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|Title: ||The Role of ATM in Promoting Normal T cell Development and Preventing T Cell Leukemogenesis|
|Authors: ||Matei, Irina|
|Advisor: ||Danska, Jayne|
Guidos, Cynthia J.
|Department: ||Medical Biophysics|
T cell development
T cell leukemia
|Issue Date: ||24-Sep-2009|
|Abstract: ||The immune system recognizes and eliminates an enormous array of pathogens due to the diverse antigen receptor repertoire of T and B lymphocytes. However, the development of lymphocytes bearing receptors with unique specificities requires the generation of programmed double strand breaks (DSB) coupled with bursts of proliferation, rendering lymphocytes susceptible to mutations and oncogenic transformation. Thus, mechanisms responsible for monitoring global genomic integrity, such as those coordinated by the ATM (ataxia-telangiectasia mutated) kinase, must be activated during lymphocyte development to limit the oncogenic potential of antigen receptor locus recombination. I show that ATM deficiency compromises TCRα recombination and the post-mitotic survival of T-cell receptor αβ (TCRαβ+) CD4+CD8+ (DP) thymocytes, providing a molecular and developmental basis for the immunodeficiency characteristic of ATM loss. Moreover, I show that in early thymocyte progenitors undergoing TCRβ recombination, ATM loss leads to cell cycle defects and developmental arrest, likely facilitating the acquisition of mutations that contribute to leukemogenesis. Using ATM deficiency as a murine model of T cell precursor acute lymphoblastic leukemia (T-ALL), I demonstrate that IL-7 signaling, a critical survival and proliferation signal during early stages of normal thymocyte development, is also required for leukemic maintenance. Moreover, we show for the first time that in normal and leukemic thymocyte precursors, interleukin 7 receptor (IL-7R) expression and function are controlled by Notch signaling, a key determinant of T cell fate. Collectively, these findings provide insight into the mechanisms by which ATM promotes normal lymphocyte development and protects from neoplastic transformation, while establishing the groundwork for assessing the molecular events that lead to the initiation and stepwise progression of T cell leukemogenesis.|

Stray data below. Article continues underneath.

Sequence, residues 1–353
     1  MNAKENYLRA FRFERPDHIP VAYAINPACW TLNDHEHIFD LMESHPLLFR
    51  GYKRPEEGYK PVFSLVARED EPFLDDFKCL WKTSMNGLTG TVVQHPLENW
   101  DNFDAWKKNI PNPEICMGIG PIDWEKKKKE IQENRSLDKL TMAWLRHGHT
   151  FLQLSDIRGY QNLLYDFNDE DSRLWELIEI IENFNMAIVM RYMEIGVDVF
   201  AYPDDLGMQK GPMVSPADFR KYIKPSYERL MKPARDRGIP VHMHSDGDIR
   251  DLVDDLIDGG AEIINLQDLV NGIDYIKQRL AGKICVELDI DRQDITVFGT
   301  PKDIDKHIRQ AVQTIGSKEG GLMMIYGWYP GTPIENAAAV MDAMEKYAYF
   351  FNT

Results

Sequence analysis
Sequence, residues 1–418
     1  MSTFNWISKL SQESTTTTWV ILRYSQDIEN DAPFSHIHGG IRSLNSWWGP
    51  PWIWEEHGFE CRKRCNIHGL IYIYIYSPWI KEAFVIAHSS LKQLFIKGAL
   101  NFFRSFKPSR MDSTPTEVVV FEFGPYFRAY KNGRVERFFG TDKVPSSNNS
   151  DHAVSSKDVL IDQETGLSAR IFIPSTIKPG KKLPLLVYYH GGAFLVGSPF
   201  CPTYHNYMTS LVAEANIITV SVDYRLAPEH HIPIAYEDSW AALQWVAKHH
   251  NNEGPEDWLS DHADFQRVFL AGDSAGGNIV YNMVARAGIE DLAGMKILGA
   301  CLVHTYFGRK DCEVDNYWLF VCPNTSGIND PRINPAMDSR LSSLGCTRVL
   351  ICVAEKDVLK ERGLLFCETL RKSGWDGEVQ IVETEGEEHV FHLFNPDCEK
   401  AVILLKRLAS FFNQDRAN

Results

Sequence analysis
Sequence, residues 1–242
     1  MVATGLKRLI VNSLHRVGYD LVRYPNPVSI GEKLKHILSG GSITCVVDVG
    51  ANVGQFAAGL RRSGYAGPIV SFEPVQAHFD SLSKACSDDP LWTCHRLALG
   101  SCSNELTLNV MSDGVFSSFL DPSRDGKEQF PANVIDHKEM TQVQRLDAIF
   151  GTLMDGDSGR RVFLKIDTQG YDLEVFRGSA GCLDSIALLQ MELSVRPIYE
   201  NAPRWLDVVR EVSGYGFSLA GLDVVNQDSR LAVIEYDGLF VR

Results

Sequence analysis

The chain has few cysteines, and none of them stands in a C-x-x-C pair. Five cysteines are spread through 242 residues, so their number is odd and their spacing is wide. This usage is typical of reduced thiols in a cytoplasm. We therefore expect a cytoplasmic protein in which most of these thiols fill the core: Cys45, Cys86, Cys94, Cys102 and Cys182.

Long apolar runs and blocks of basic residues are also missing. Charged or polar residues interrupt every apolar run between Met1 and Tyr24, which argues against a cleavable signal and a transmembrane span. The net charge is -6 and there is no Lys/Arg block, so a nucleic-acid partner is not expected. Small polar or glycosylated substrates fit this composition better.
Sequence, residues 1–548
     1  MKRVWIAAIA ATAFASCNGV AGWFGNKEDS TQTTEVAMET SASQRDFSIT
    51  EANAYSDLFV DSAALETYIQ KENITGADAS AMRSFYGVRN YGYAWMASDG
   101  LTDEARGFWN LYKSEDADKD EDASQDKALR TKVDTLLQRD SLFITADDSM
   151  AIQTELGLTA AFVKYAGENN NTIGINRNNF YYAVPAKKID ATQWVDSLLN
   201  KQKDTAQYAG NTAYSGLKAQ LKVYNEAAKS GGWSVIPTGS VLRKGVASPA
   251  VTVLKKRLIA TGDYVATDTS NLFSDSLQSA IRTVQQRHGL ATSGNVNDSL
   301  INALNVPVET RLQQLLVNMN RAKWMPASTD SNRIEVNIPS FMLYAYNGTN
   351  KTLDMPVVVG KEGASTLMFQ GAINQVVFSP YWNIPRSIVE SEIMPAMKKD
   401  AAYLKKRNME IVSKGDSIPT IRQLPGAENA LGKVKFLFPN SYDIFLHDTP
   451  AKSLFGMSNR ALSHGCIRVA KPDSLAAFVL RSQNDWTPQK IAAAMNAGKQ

|Appears in Collections:||Doctoral|
Department of Medical Biophysics - Doctoral theses
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